Your browser is out-of-date!

Update your browser to view this website correctly. Update my browser now


Trade Show Fever

The soul of any trade show is the people who attend it. Conventions are an important part of our industry, providing a forum for the exchange of ideas

The soul of any trade show is the people who attend it. Conventions are an important part of our industry, providing a forum for the exchange of ideas and opportunities to advance one’s knowledge, whether through AES papers and workshops or via more structured learning sessions such as the “university” programs run by NAMM and NSCA. But if people are the soul of a trade show, then exhibits are the backbone, allowing participants to examine and explore new technologies close-up and first-hand.

Clearly, the key to any successful trade show is a vibrant mix of exhibits, industry events and, of course, an enthusiastic audience of showgoers. However, there are two key points to keep in mind: First, conventions are a business, and a mighty competitive business at that. Second, a trade show is a dynamic entity. In order to survive — especially in less-than-ideal financial times — a trade show has to be tough, aggressive and willing to change to reflect new directions in the industry.

As an example of what to do right, consider this month’s Summer NAMM. In the latter years, when the show was based in Chicago, it was often referred to as the “wake on the lake,” due to its sluggish attendance and lack of direction. Nearly a decade ago, NAMM decided to focus the summer show on guitars and the acoustic instrument market and moved the expo to Nashville. The venue change not only brought NAMM to Music City — a draw for attendees — but also served the town’s thriving recording community, which boosted the participation of pro audio exhibitors. To cite a cliché, it was a “win-win” situation.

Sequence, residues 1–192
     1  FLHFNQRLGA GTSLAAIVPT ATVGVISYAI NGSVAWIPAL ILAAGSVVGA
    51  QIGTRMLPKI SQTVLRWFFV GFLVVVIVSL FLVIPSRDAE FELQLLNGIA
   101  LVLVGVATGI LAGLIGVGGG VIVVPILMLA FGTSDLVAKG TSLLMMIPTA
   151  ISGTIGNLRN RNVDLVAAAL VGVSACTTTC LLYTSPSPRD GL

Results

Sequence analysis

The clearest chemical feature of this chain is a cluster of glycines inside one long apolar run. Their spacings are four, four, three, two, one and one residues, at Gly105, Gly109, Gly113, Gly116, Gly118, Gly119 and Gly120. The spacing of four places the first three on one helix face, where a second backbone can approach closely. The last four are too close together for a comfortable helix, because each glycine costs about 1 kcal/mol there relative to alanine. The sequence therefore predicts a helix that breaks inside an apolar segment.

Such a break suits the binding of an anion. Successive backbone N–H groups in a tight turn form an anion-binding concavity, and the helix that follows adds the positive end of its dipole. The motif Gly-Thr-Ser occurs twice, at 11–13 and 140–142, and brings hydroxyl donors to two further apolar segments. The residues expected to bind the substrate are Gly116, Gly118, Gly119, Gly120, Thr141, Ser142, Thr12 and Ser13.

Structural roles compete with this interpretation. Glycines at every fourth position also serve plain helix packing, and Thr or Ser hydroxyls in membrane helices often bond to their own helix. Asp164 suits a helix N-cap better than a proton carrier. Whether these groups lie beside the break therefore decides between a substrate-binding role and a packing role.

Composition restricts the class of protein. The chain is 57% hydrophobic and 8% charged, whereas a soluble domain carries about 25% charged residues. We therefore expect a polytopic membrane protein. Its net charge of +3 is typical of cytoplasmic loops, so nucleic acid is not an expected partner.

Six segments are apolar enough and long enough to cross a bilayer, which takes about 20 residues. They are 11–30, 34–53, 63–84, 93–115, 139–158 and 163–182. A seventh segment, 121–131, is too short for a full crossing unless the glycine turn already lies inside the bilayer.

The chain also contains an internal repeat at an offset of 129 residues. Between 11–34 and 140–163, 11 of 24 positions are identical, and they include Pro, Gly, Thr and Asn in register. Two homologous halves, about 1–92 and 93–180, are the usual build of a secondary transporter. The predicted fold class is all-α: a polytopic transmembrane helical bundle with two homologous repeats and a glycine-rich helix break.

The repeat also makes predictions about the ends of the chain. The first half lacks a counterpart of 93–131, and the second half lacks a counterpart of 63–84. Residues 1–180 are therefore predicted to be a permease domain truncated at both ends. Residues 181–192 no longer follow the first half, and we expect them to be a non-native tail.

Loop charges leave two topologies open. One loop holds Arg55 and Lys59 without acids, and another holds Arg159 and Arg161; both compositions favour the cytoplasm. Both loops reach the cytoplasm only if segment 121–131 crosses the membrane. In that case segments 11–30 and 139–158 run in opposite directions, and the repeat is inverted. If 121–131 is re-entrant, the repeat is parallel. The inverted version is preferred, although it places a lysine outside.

Having just returned from AES Europe (see report on page 96), I was able to experience a much different trade show situation. Certainly, today’s economic climate is hardly rosy, but surviving rough times requires aggressive action, and the success of last year’s New York AES — in spite of the worst possible conditions — proves this point.

In days of yore (actually, not even so “yore” ago), AES exhibits reflected the entire pro audio industry — recording, live sound, broadcasting and duplication. Little by little, certain market segments fell away, starting with the duplication/replication exhibitors, and to a smaller extent, live sound products. At AES Munich, there was barely a handful of live sound exhibits, and the overall perception was that EuroAES is becoming a local broadcasting show. Germany is a massive market in the area of home/project studios, but this niche was mostly absent from AES. Perhaps AES felt this audience wasn’t packed with serious “tonmeister” types, but this market represents a substantial number of audio buyers, which, if exposed to AES, could become more serious, educated users.

While AES seems to have been specializing of late, other shows have expanded their horizons. Once strictly an MI show, Frankfurt Musikmesse now includes entire exhibit halls devoted to music software, pro recording, P.A., DJ/lighting and installation products, catering to dealers and pro users during its first three days, followed by the general public on the weekend. Trade shows aren’t forever, as we learned with the SMPTE and APRS shows, for example. In order to flourish, AES Europe needs to widen its scope and look ahead, and so far, examining new host cities is a step in the right direction. Let’s hope this movement continues.